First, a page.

Friday, January 28, 2022

Robert College



The year was 1860. Abraham Lincoln was elected President of a young United States of America; South Carolina seceded from the Union; a possible Civil War was looming in the future. In Europe, once a mighty Empire, the Ottomans were in a slow but certain decline.  In Istanbul, the capital city of the Ottoman Empire, a young American missionary, Cyrus Hamlin was busy trying to establish an American School, having arrived there in 1839. A graduate of the Bangor Theological Seminary in 1837 by way of Bowdoin College, Mr. Hamlin was born in Waterford, Maine to the prominent Hamlin family who also produced a Vice President of the United States, Hannibal Hamlin as well as two Civil War Generals. He had arrived in Istanbul in January, 1838 as a missionary.

Also visiting Istanbul at the time was a wealthy industrialist from New York, Mr. Christopher Robert, desiring to establish in Istanbul a modern university along American lines with instruction in English.  Mr. Hamlin was by this time running a small school, a bakery, and a laundry in the small Istanbul suburb of Bebek on the shores of the Bosphorus Straits. Mr. Robert, on an early Sunday morning wanted to purchase a loaf of bread similar to what he was used to buying in New York. He was told about Mr. Hamlin’s Bakery where fresh loaves were baked every day. Mr. Robert and Mr. Hamlin met at the bakery; and these two men, an educator and a philanthropist, successfully collaborated to found Robert College of Istanbul. A few years later, in 1878 Mr. Robert died in NY and left a major portion of his wealth to Robert College.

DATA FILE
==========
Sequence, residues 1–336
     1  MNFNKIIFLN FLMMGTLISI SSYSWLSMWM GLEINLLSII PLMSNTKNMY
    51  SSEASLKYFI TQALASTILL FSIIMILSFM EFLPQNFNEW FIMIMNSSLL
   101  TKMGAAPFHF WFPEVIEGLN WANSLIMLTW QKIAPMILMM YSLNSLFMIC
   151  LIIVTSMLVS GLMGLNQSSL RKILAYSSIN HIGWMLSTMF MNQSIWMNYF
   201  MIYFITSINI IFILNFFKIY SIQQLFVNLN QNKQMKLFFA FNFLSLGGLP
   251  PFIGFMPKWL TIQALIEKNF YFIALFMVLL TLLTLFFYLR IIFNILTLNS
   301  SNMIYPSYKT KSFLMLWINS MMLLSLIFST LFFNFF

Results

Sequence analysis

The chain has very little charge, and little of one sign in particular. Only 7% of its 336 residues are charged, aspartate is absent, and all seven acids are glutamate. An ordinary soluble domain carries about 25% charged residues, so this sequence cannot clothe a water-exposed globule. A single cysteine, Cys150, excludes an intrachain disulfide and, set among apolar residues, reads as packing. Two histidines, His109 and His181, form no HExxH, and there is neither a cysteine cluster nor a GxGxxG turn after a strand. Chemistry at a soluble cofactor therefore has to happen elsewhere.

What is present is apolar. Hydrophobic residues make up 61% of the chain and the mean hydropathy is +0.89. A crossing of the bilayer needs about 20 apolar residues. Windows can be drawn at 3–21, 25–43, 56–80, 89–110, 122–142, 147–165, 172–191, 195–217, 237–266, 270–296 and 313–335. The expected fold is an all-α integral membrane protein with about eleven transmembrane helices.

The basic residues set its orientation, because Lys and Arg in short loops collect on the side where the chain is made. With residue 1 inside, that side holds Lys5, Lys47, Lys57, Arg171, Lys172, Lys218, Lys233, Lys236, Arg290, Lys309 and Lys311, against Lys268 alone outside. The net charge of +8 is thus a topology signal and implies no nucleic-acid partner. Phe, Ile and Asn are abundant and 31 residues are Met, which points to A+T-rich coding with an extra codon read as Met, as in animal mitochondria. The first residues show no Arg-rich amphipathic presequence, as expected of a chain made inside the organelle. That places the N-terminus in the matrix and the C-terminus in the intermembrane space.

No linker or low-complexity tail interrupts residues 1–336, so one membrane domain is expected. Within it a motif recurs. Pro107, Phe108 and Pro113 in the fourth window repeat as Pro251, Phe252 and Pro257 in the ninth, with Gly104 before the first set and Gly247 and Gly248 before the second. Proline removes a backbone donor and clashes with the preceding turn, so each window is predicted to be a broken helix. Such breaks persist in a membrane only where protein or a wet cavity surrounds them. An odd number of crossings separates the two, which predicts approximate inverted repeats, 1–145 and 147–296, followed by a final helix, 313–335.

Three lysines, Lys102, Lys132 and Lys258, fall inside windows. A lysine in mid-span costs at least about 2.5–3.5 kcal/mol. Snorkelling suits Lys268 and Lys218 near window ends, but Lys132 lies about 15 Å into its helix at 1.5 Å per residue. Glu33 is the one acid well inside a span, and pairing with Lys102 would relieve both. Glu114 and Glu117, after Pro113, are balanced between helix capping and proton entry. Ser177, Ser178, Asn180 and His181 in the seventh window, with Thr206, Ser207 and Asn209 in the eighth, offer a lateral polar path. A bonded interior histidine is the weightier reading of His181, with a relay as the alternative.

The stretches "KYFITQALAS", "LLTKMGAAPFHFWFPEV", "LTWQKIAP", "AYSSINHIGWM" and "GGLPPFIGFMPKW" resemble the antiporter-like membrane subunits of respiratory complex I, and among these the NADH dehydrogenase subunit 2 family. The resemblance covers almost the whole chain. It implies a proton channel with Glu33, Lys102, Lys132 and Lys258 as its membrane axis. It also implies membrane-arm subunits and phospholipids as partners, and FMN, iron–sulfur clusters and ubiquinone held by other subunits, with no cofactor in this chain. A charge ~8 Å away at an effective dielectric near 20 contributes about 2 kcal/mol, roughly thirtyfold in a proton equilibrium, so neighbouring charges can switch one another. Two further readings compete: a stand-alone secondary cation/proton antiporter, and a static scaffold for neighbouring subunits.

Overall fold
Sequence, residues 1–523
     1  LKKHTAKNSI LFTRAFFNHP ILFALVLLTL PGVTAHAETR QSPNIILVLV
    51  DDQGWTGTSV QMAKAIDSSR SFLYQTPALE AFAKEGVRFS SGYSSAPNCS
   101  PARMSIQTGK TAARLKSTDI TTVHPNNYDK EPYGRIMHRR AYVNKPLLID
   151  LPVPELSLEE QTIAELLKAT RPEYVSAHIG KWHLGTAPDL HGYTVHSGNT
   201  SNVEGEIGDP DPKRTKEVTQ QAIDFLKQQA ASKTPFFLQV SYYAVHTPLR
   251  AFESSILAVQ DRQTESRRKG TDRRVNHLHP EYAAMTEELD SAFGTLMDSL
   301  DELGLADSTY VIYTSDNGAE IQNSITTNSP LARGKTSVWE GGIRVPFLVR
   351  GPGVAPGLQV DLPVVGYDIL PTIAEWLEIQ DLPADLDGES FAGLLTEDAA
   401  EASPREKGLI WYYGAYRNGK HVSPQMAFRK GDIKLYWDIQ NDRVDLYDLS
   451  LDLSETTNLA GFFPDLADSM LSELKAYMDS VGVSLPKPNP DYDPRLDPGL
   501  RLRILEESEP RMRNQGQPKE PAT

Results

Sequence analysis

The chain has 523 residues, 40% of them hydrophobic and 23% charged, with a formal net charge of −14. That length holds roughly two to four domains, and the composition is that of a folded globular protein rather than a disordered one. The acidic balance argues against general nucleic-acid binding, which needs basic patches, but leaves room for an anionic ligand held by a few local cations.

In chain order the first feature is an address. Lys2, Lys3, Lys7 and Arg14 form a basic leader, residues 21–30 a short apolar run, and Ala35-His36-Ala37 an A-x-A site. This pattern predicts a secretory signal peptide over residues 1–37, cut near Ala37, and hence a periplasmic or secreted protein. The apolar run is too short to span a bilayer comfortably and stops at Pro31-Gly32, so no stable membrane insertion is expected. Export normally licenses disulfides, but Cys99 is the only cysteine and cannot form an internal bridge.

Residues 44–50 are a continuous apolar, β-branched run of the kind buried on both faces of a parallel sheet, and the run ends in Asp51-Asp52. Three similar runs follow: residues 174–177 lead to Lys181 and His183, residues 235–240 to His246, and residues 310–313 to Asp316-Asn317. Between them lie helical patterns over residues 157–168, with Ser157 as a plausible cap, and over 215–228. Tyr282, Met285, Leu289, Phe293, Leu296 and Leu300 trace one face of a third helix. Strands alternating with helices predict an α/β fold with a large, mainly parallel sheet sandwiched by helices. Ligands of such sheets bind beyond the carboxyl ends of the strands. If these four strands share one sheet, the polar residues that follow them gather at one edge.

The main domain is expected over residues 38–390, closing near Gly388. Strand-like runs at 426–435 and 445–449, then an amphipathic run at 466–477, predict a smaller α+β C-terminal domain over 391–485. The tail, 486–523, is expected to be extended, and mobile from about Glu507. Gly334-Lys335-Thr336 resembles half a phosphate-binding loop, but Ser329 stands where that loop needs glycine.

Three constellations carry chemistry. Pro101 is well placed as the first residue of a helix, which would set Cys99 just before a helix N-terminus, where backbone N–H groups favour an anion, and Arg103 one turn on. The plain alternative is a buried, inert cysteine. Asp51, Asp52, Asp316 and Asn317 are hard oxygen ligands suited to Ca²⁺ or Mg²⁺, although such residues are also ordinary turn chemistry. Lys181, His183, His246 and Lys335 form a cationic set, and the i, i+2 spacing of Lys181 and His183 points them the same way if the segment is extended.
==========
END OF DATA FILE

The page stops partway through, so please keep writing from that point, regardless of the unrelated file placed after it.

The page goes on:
Today, Robert College of Istanbul is the oldest American school still in existence in its original location outside the United States. The school is one of the most selective private high schools in Turkey. It sits on 65-acres of  land on the European shore of the Bosphorus Straits. The present Robert College is the consolidation of two renowned schools: the old all male Robert College and the all female American College for Girls.

The object of the College was to give to its students, without distinction of race or religion, a thorough educational equal in all respects to that obtained at a first-class American college and based upon the same general principles.

What Mr. Hamlin and Mr. Robert started in 1860 indeed flourished over the next century. The college grew in size and scope through the help of benefactors such as John S. Kennedy, Olivia Stokes, and members of the Dodge and Huntington families. By the early 20th century, Robert College had become a leading institution in the Middle East.

By 1923 the Ottoman Empire had completely disappeared from the world’s scene, having been replaced by a young Turkish Republic. Robert College was instrumental throughout the transitional period of the Turkish nation from a monarchic empire to a modern republic by maintaining the strict political neutrality expected

Robert College

Robert College